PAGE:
'I cannot see that induction is ever a demonstration, but it makes the conclusion credibile—viz. "claiming belief."

'I cannot understand the state of mind which can love Our Lord really with the feeling upon it, "after all, perhaps {443} there is no such Person." It is loving a mere vision or picture, and is so unreal as to be degrading. I cannot fancy (you will say perhaps from an idiosyncrasy) the existence of devotion without certainty. I could not throw myself upon anyone here below, of whom I had the suspicion: "Perhaps he is not trustworthy." On the other hand, I daily control and direct my mind into a firm belief, or speculative certainty, of truths which I cannot prove on the ground that I should be a fool not to believe them; or that reason bids my mind to believe.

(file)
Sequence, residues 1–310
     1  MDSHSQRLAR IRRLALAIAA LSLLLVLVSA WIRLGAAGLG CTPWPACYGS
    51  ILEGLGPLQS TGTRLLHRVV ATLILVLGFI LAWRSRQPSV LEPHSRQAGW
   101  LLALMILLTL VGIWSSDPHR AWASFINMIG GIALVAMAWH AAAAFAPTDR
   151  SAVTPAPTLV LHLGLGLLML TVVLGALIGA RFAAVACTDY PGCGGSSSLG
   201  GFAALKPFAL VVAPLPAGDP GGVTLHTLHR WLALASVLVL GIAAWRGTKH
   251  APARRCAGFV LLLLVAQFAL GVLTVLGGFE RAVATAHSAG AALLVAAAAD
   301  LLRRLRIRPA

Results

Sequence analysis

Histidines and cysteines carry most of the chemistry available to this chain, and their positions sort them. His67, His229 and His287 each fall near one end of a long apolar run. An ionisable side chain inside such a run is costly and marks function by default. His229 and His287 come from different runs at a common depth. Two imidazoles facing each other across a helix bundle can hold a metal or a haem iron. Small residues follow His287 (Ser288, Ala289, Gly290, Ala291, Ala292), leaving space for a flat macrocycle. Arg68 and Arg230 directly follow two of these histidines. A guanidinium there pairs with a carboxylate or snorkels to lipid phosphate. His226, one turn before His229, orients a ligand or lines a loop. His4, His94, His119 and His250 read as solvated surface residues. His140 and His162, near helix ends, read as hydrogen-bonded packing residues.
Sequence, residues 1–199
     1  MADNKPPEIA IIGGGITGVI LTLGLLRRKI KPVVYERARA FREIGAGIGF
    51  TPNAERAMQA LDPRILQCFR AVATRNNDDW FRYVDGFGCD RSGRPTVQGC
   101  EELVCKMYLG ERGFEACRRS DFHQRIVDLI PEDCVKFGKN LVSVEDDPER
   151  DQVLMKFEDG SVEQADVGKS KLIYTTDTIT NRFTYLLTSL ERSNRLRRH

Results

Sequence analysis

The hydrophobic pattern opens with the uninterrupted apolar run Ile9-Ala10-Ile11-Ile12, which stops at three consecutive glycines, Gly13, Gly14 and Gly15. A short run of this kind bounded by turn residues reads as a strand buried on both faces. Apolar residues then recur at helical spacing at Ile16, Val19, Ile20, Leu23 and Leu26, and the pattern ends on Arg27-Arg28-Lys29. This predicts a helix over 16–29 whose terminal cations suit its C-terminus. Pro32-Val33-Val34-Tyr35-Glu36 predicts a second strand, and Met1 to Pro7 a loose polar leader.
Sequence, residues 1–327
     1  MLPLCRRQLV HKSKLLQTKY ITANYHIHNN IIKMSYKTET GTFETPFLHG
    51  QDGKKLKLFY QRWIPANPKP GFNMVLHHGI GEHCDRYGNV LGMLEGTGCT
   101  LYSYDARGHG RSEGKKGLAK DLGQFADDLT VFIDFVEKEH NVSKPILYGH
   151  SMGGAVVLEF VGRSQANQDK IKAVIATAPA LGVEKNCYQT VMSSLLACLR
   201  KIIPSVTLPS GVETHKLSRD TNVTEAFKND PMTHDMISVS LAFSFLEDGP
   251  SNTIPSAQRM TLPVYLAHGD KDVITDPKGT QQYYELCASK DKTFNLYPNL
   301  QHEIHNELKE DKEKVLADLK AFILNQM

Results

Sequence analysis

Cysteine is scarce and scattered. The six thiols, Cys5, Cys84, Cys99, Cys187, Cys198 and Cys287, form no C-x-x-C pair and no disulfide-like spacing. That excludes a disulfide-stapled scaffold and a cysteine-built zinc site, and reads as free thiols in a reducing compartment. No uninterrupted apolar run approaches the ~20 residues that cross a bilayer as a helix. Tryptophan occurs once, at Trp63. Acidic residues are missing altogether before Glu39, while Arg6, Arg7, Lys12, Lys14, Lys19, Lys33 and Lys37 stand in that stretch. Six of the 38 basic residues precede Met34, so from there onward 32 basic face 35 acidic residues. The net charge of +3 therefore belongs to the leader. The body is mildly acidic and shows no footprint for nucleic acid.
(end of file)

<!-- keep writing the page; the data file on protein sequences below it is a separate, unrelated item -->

'How it is that we are so constituted as to be bound by our reason to believe what we cannot prove, is a question which I do not pretend to solve.
'I am, my dear Capes,
Yours affectionately,

Besides the conductors of the Rambler and Atlantis there were others who, in 1858, consulted Newman on the difficulties attending on religious thought.